Jason_White_02Origin Fitness brand ambassador and Scottish Rugby Legend, Jason White, is regarded as one of the national side's most influential players and strongest forwards of recent years. He has played at a level of rugby that we, here at Origin head office, can only dream of. So we've put some questions to Jason in order to find out what it takes to achieve and maintain the fitness of a pro rugby star.

Origin - The view a lot of people have is that pre-season training is always the really physical training to get players to the level of fitness they need to be at to compete come day 1 of the season. At the highest level of the professional game though, is that less of a concern because there is an expectation that players are paid to keep themselves in this peak shape?

Jason - All the players know that they need to arrive for pre season in a decent state of fitness. You can have a couple of weeks doing nothing or very little after the end of the season but most players will start doing some sort of training after that. That being said, no matter how fit you are for the beginning of pre-season, it's always tough and can be quite unpleasant at times.

Origin - Lots of athletes, even everyday trainers now have a lot of emphasis on using things like foam rollers and resistance bands for flexibility and recovery. Is this something that has always been part of your training given that rugby is such a physical sport?

Jason - When I first went professional back in 1998 there was very little use of foam rollers and preventative work. That changed dramatically over the years and now it is the norm for every player to have an individual program program to focus on. For me it was very important in the last few seasons that I played as I needed to work hard to keep my body going due to the physical nature of the game.

Origin - Another aspect of recovery that players are taking much more notice of is nutrition. In order to minimise recovery time, what should players be looking to do in the 24 hours after playing; both in terms of exercises, stretching etc. and the food/drink they take on?

Jason - Immediately after a match you should have a recovery drink and try and eat some food. It was always important to rehydrate as much as possible. We would also use ice baths after a game and then do some stretching in the pool the day after a game.

Origin - (Assuming nutritional supplements are part of this recovery process) How much of a role do supplements play in the nutrition plans of pro rugby players?

Jason - This varies depending on the individual player and the fitness coach at their club. I always used protein shakes to recover from both games and gym sessions. At different points during my career I used creatine as well. I would say though that supplements are much more widely used and are now popular with professionals and amateurs alike.

Origin - The fitness industry is always experimenting with the latest ‘trends’, HIIT and Suspension Training are two examples that are really prominent with both the everyday gym user and high level athletes. Obviously rugby teams are always looking for a way to get an edge over their opponents so, do new exercise innovations or ‘trends’ ever find their way into the programme of a pro rugby player? What’s the strangest kind of workout that you’ve found yourself doing?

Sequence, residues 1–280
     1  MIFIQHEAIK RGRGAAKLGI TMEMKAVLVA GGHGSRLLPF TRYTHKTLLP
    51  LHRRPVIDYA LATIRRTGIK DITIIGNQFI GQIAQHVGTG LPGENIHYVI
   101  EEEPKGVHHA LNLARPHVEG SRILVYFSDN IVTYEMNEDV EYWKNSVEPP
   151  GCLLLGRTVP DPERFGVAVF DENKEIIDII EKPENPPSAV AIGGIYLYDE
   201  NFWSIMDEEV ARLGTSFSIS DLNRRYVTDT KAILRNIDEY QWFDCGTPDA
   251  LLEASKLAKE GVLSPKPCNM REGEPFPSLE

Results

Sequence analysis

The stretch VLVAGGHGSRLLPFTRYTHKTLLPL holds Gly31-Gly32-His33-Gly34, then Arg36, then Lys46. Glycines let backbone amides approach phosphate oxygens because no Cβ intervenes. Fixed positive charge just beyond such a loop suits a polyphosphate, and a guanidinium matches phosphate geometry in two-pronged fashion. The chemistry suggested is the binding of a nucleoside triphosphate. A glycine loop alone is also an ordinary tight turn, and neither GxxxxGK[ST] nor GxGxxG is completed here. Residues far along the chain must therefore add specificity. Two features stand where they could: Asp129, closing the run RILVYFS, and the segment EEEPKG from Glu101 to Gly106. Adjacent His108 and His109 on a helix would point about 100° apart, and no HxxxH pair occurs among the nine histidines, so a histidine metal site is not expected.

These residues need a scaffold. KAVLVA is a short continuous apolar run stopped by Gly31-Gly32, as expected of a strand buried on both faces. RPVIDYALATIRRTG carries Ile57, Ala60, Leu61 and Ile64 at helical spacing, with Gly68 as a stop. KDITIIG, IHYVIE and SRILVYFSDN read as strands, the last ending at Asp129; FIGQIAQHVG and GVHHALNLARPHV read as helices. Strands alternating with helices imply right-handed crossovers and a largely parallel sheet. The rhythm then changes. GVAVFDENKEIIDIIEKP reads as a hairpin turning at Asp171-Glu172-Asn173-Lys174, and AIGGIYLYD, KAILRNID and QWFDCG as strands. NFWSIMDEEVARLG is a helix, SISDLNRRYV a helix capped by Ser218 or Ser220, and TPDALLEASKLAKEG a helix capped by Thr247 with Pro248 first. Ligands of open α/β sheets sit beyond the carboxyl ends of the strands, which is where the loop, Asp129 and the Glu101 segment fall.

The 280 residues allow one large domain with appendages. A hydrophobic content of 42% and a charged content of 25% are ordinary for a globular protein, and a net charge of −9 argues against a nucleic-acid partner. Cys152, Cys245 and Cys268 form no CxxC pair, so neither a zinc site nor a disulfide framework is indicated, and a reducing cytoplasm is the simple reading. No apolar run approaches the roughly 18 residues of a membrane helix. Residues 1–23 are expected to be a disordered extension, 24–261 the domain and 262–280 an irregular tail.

Jason - Each fitness coach will have their own preference on styles of training. For example CrossFit type training is something that has become popular in rugby circles recently.

The strangest workout would have been pre-World Cup 2003 when we did rowing sessions in the Botanic Gardens in Edinburgh to replicate the humidity we would have during the tournament.


Origin - With regards to fitness and conditioning being more of a factor now at all levels of play, what are the key areas you would advise aspiring players to be focusing on; speed, size, power?

Jason - The modern rugby player needs a good mix of all three. Alongside the fitness coach, players should identify areas to concentrate on that will improve the weaker aspects of their game as well as those which are key to being able to perform the specific position they play in their team.

Origin - What does your weekly training programme look like nowadays compared to what it was like during your playing career?

Jason - I try and do at least 1 weights session a week and 1 cardio session. I would prefer to do more but finding the time has been a challenge due to working and having a young family. I need to use short intense sessions to work round the problem.

Origin - (Finally, a question from one of our rugby enthusiasts in the office) You were always known as a big tackler, did you feel that it was down to you having a high level of conditioning or was it to do with the mental attitude you took into games or perhaps a combination of both?

Jason - It was a mix of both, I needed to have a strong strength and power base to let me make the tackles but more important was my timing in the tackle and technique.